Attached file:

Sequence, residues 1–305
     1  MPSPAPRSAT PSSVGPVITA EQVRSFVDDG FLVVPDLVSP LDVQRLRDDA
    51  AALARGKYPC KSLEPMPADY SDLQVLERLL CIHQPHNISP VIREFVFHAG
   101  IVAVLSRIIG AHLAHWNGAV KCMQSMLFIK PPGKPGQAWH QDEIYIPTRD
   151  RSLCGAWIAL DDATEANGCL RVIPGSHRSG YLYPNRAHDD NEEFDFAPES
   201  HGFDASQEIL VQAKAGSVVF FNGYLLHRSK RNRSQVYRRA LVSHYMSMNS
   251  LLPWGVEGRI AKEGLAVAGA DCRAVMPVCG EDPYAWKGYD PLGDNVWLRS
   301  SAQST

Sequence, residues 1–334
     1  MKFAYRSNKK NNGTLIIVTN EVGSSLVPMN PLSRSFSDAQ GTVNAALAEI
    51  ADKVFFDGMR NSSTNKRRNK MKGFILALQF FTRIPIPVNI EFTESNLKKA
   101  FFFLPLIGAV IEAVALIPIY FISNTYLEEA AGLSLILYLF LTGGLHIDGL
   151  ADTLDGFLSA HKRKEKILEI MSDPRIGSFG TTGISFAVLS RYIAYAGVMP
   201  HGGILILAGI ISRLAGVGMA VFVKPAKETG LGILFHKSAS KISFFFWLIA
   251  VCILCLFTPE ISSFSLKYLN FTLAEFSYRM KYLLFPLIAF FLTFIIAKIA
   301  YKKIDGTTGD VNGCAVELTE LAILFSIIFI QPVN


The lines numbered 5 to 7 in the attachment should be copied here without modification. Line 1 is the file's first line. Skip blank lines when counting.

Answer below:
   151  RSLCGAWIAL DDATEANGCL RVIPGSHRSG YLYPNRAHDD NEEFDFAPES
   201  HGFDASQEIL VQAKAGSVVF FNGYLLHRSK RNRSQVYRRA LVSHYMSMNS
   251  LLPWGVEGRI AKEGLAVAGA DCRAVMPVCG EDPYAWKGYD PLGDNVWLRS